He admits that he didn’t know the cost of some of the tests he orders until patients complained about financial hardship, or worse, refused to get the tests, leading to worsening or untreated conditions. “So this person is walking around with probable but undiagnosed asthma because the cost of the test is so high that they couldn’t get it,” Wilk explains. 

“I think twice about how necessary some diagnostic workups are. Instead of doing a bunch of tests, sometimes I’ll just plan a three- or four-step kind of thing. That way, if we make the diagnosis, we don’t have to test for twelve things, which would cost a fortune.”

He makes sure to inform his patients that he is ordering tests in the most cost-effective way possible. “They usually thank me for being conscientious of that,” Wilk says.

While this is not his ideal way of practicing medicine, he understands that patients are facing increasing financial pressure and encourages patients to work with financial counselors so that they don’t put off necessary treatment or tests.

Use big data and AI to determine propensity to pay

High deductibles may not be the only reason that patients are struggling to pay their doctor bills, according to Florian Otto, MD, co-founder of Cedar, a healthcare technology consulting business based in New York City.

He says that simply ranking patients by their propensity to pay may not be very effective because there may be multiple reasons ranging from:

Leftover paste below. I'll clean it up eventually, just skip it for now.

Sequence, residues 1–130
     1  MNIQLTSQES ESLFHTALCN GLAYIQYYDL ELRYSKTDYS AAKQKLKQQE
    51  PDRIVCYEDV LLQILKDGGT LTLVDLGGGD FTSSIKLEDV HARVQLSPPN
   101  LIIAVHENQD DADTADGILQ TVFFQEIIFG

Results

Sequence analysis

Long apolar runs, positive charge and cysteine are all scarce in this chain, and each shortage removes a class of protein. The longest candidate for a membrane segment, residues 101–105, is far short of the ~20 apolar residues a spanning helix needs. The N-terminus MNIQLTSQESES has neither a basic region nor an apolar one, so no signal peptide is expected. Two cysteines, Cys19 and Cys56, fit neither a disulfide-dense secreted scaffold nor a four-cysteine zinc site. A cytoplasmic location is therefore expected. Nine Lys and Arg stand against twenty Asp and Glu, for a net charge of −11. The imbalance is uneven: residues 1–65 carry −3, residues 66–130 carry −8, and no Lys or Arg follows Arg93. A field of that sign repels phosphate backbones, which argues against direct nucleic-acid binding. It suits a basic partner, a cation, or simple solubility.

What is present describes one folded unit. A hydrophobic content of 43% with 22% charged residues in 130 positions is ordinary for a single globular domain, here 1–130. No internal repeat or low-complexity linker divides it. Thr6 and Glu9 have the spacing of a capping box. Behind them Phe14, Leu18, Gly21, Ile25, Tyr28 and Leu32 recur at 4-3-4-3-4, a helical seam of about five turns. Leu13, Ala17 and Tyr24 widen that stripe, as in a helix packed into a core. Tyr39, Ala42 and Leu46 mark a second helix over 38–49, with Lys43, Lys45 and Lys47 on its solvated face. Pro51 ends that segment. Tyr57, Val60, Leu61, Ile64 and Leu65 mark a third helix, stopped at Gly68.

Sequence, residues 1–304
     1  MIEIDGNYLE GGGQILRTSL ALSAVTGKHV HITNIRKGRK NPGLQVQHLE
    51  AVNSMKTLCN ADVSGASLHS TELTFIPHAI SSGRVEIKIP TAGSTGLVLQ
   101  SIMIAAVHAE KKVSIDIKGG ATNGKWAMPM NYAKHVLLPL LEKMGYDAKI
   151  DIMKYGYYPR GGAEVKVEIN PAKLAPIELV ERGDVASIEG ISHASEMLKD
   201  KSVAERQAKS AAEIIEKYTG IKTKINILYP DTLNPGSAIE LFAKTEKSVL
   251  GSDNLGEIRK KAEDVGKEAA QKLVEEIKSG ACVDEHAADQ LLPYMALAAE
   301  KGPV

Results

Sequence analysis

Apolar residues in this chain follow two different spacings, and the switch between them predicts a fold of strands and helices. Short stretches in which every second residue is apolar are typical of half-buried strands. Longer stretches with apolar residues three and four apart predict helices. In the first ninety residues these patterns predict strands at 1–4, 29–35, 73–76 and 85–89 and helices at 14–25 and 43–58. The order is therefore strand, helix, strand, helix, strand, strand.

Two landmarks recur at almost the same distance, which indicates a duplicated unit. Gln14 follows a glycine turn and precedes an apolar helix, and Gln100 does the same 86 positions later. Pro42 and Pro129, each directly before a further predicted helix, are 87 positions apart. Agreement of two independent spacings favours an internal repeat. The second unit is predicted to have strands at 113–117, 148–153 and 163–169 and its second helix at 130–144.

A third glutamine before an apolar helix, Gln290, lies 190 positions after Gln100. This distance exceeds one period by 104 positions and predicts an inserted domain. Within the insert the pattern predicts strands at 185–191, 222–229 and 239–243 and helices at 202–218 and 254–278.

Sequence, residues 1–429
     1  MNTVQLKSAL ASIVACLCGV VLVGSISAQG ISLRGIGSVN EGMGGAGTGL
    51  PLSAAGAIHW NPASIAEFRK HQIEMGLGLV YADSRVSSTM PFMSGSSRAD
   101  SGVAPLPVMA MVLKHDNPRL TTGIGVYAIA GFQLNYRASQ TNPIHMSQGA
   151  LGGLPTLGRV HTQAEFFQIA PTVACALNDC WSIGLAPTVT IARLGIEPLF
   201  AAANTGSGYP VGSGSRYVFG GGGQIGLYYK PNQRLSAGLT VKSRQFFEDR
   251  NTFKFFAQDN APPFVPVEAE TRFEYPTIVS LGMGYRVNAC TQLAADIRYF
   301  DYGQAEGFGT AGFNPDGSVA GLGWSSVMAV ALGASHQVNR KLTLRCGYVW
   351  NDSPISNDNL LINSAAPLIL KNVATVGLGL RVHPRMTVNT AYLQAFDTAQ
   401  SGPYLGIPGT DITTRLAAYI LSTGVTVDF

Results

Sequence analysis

• They don’t have enough money

  • They don’t check their mail often

  • They don’t speak English

  • The bill is incorrect/ not what they expected and patients don’t know how to get a corrected bill

He recommends that practices use artificial intelligence-based programs that draw from basic demographic information and user data to assess more accurately why patients aren’t paying. For example, he says, if a patient received their bill digitally and clicked on it three times but never paid, it might warrant sending a text asking if they are having trouble understanding the bill, and then connects them to a live chat function. 

Additionally, he says, physicians should automate the billing process to make it easier for patients to pay. “We strongly believe that it shouldn’t take longer than 20 to 30 seconds to pay your bill, similar to the Amazon Prime experience,” Otto says. 

Patients just want an easy, convenient and quick way to pay, he says, and it’s up to physicians to offer these.

“Reducing friction makes happier patients, and also increases cash flow,” Otto says.